- On Wednesday, election day, the government blocked access to social media. Notwithstanding harassment and a lack of protections against Covid-19, five million Burundians were expected to vote at about 1500 polling stations. (NYT)
Just When I Think I’m Out, They Put Things Back In Me
- Yet another victim of Covid-19 is the hard-fought effort to ban single-use plastics, which clog up waterways, suffocate wildlife, and take centuries to decompose in landfills. Since the pandemic upended life across the globe, and hygiene raced to the top of everyone’s to-do list, retailers are banning consumers from bringing in their own reusable bags, cities and states are rolling back or delaying single-use plastic bans, and municipalities are scaling back recycling operations.
- Even San Francisco, one of the first US cities to outlaw disposable plastic bags in 2007, issued an edict at the end of March preventing businesses from “permitting customers to bring their own bags, mugs, or other reusable items from home.” And with plastic production already scheduled to increase by 40 percent over the next decade, conservation groups fear the pandemic will further unravel measures to pare back the 8 million metric tons of plastic that enter our oceans every year.
- Environmentalists also claim the plastics industry is exploiting Covid-19 fears to demonize reusables as potential vectors for the virus. This, despite scientific evidence that the contagion can survive for days on plastic surfaces, meaning they’re not any safer than your cotton NPR tote or stainless steel Yeti tumbler. (Vox)
Additional World News
- In pictures: Cyclone Amphan hits India and Bangladesh (CNN)
- Japan’s forgotten indigenous people (BBC)
- For Boris Johnson, Parliament Is Becoming a House of Horrors (NYT, $)
- U.S. Arrests 2 Tied to Carlos Ghosn’s Escape From Japan (NYT, $)
- Coronavirus: World sees highest daily increase in virus cases – WHO (BBC)
- Vaccines: do you want the good news first or the bad news
- Monkeys infected with COVID-19 develop immunity in studies, a positive sign for vaccines (Reuters) Additional reference: 12 Monkeys Trailer (we think very highly of this film and it no longer feels as science fiction as it did when it was released in 1995).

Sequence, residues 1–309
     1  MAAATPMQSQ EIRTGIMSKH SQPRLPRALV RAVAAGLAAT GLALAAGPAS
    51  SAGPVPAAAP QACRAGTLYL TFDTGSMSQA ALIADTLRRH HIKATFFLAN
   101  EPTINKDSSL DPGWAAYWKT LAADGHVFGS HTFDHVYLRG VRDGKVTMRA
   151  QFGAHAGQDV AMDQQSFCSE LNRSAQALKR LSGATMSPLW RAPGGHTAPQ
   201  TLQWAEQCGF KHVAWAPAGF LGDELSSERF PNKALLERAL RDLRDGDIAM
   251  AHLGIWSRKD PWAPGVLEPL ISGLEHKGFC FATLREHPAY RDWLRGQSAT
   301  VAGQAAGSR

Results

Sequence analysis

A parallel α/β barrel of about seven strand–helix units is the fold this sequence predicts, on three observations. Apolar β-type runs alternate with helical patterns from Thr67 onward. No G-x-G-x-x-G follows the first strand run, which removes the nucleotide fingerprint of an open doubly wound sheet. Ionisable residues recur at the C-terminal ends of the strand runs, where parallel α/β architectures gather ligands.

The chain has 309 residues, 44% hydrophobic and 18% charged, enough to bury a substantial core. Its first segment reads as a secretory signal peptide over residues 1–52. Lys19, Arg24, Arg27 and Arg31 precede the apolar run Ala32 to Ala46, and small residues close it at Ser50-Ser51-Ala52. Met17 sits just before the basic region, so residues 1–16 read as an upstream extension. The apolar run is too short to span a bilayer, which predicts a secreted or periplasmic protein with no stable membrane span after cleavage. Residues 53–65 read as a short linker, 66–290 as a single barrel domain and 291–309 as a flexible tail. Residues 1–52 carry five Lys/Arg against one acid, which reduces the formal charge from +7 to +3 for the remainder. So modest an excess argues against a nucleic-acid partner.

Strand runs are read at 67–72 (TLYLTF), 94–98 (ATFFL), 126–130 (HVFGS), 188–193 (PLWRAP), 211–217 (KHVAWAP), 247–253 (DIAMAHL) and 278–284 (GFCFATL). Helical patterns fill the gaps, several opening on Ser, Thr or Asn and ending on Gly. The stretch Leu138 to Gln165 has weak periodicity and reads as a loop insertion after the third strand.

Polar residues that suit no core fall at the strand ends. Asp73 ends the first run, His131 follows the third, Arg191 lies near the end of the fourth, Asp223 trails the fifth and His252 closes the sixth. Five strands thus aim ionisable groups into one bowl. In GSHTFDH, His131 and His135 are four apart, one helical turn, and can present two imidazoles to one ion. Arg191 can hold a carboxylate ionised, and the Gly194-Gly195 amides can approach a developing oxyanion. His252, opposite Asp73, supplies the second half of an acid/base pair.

- Superspreader Events Offer a Clue on Curbing Coronavirus (WSJ, $)
- A City Locks Down to Fight Coronavirus, but Robots Come and Go (NYT)
- Staying safe isn’t just about hygiene and distance. It’s about time, too. (CNN)
- After the Coronavirus Lockdown Ends, Here is Life in China’s Wuhan (NYT)
COVID-19 and Flying
- Memorial Day Weekend historically marks the start of summer and a lot of traveling. Flying and traveling was a big part of our lives before the pandemic. Flying now feels like it’ll be similar to going to the grocery store, a big production.
- ‘It’s Surreal Walking Through the Empty Airports’ (NYT)
- Travel Reopenings Amid the Coronavirus Pandemic (NYT)
- James Fallows: Flying Will Never Be the Same (Atlantic, $)
- The Airline Business Is Terrible. It Will Probably Get Even Worse. (NYT, $)
Chip Somodevilla via Getty Images
Essential Crisis Workers Have Existential Crisis
- Working conditions, low pay and lack of safety protections have triggered wildcat strikes, walkouts and protests throughout the pandemic. “Essential” workers across various industries have come together to protest about issues, many of which were apparent before Covid-19.
- Labor leaders hope the protests can lead to permanent change. “There are no federal mandates or requirements to implement the social distancing guidance or anything else. It’s only guidance and employers can choose to implement them or not,” said a worker safety and health expert. “[Workers] are walking out to bring public attention to the fact that their companies are not protecting their safety and health.”
- In Texas, truck drivers joined in a protest convoy — over decreased freight rates and working conditions during the pandemic — that was organized on Facebook. Similar protests by truckers were held across the nation. A fast food worker said: “We’re understaffed, underpaid and underappreciated,” a sentiment shared by healthcare workers to Uber drivers.
- One labor and worklife expert said it was too early to tell if workers’ actions will have a lasting impact. “These walkouts show that essential workers don’t want to be treated any more as if they were disposable. They are demanding a voice in how their companies respond to the pandemic. Success will be a matter of whether consumers and policymakers will be inspired by these workers’ courage.” (Guardian)